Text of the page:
Never trust internet reviewers, at least when it comes to restaurants, and certainly not for Chinatown’s Mika, a Japanese restaurant perched on the unassuming, yet very Tokyo-esque second floor at 150 Centre St. For one thing, the happy customers are probably drunk off their oshiri, if you get my meaning, on the excellent selection of sakes or Sapporo beer. Their private room looks perfect for drunken revelry. For another, the energy to type up a review generally comes from a bad experience- hard to believe, now I’ve tried Mika’s excellent Japanese dinner.
I wasn’t expecting too much, having questionable experiences in Japanese restaurants run by people who have never seen the urban labyrinths or pristine oceans of Japan. From the first taste of their chilled, lovingly garnished tofu, spicy jellyfish salad, and surprisingly fresh, still-warm edamame, my preconceptions started to shake. The excellent house genmai tea moved me yet further (a pet peeve of any Asian), and when their enormous sashimi platter arrived, I felt my mind exit Mythbuster-style from my ears. I hadn’t seen something this amazing since Hokkaido!
Mika seems confusing, and even for a Hong Kong native, I didn’t see the anachronism at first; everything became clear when I realized the front of house management is Chinese, while the back of house is run by a Japanese chef. The result is the uniquely Chinatown waiting experience, where the staff are briskly efficient and the management are hands-on with the order, suggesting the day’s specials or fresh seafood of the day. John would not be out of place two blocks down, getting chummy with regulars at the dim sum restaurants, while Winnie comes round expertly suggesting sake pairings or showcasing a particularly delicious sashimi. Friday night was filled with couples and local Chinese, evidently hoarding this gem to themselves.
Where Mika really shines is after 6 or so, Wed-Sat, when Head Chef Koba-san’s iron fist descends upon the kitchen. A 40-year veteran in NYC, his food is disciplined and perfectly executed in the true Japanese spirit, playing ninja under the unassuming menu names one might find at any neighborhood Japanese place. I still recall fondly the salmon skin hand roll, cooked to leave a juicy strip of fat in the skin, drenched in savory, spiced sauce, accentuated perfectly with fresh microgreens, cool cucumber, and perfectly balanced sushi rice. Not to say there isn’t a lot of flexibility and creativity; quite the opposite. Oddballs like tempura burdock root offer a refreshing change on a classic, while a simple, broth-based conch served on a flaming wad of parafin gel offers a smoky, savory counterpoint to all the fresh items on display.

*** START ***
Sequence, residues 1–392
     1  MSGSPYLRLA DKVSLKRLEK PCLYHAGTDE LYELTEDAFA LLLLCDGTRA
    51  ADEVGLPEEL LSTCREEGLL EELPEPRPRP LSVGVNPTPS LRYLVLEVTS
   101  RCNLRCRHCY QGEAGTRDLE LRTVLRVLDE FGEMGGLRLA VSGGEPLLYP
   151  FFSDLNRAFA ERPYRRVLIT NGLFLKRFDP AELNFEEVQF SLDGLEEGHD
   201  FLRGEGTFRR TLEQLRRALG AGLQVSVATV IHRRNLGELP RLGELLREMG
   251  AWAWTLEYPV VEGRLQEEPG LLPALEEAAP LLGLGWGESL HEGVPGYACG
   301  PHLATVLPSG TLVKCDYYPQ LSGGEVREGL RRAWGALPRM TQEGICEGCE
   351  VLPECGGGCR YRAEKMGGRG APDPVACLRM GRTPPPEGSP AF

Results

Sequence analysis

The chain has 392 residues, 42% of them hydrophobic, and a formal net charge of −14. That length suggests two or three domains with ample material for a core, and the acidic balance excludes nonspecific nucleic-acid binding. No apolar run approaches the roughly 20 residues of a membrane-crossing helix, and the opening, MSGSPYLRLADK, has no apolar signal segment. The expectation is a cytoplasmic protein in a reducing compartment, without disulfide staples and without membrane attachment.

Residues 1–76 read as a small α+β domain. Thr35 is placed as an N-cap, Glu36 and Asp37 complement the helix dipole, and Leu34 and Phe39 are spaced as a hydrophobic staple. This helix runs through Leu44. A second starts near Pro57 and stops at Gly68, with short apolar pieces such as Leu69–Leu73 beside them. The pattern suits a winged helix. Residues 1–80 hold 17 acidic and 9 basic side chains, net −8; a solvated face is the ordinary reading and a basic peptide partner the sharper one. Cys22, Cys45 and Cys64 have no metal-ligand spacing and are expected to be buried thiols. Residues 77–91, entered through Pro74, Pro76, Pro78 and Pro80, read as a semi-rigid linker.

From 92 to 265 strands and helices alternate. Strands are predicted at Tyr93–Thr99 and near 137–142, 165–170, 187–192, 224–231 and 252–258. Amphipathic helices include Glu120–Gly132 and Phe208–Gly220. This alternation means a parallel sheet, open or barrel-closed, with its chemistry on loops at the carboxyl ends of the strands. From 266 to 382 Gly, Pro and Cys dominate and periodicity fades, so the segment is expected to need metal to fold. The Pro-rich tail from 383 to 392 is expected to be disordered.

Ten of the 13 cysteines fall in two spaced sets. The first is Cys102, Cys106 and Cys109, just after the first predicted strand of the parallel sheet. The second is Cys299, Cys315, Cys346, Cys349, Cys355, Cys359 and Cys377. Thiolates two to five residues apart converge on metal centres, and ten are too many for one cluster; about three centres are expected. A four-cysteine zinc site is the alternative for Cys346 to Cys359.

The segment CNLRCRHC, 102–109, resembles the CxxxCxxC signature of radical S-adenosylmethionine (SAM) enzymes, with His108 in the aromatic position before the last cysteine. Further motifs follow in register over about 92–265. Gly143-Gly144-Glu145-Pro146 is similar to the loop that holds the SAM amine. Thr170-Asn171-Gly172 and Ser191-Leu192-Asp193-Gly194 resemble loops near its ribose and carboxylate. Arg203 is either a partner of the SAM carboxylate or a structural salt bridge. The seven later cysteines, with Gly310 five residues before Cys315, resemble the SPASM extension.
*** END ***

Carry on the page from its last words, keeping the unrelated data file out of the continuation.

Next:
There’s even plenty for the vegetarian: a tempura soba, wrapped in nori and doused in some of the best broth this side of Kyoto. Meat-lovers will be pleasantly surprised to find a filet mignon on the menu, appropriately done in a washoku style. Deep-fried cheesecake and the aforementioned sake selections round out the meal nicely; don’t be shy trying an unfiltered nigori with your dessert!
I’ve actually visited Mika before for lunch, and to be fair, all those Yelp reviewers who call the place “unremarkable” or “average” are right- you can find similar noodle bowls and lunch specials in any Japanese restaurant in the city, though not anywhere else in Chinatown. Come in for their dinner, or their special events like the remarkably culture-conscious maid cafe this Sunday, and I can guarantee you: under no circumstance should you believe everything on the internet. Mika is AWESOME.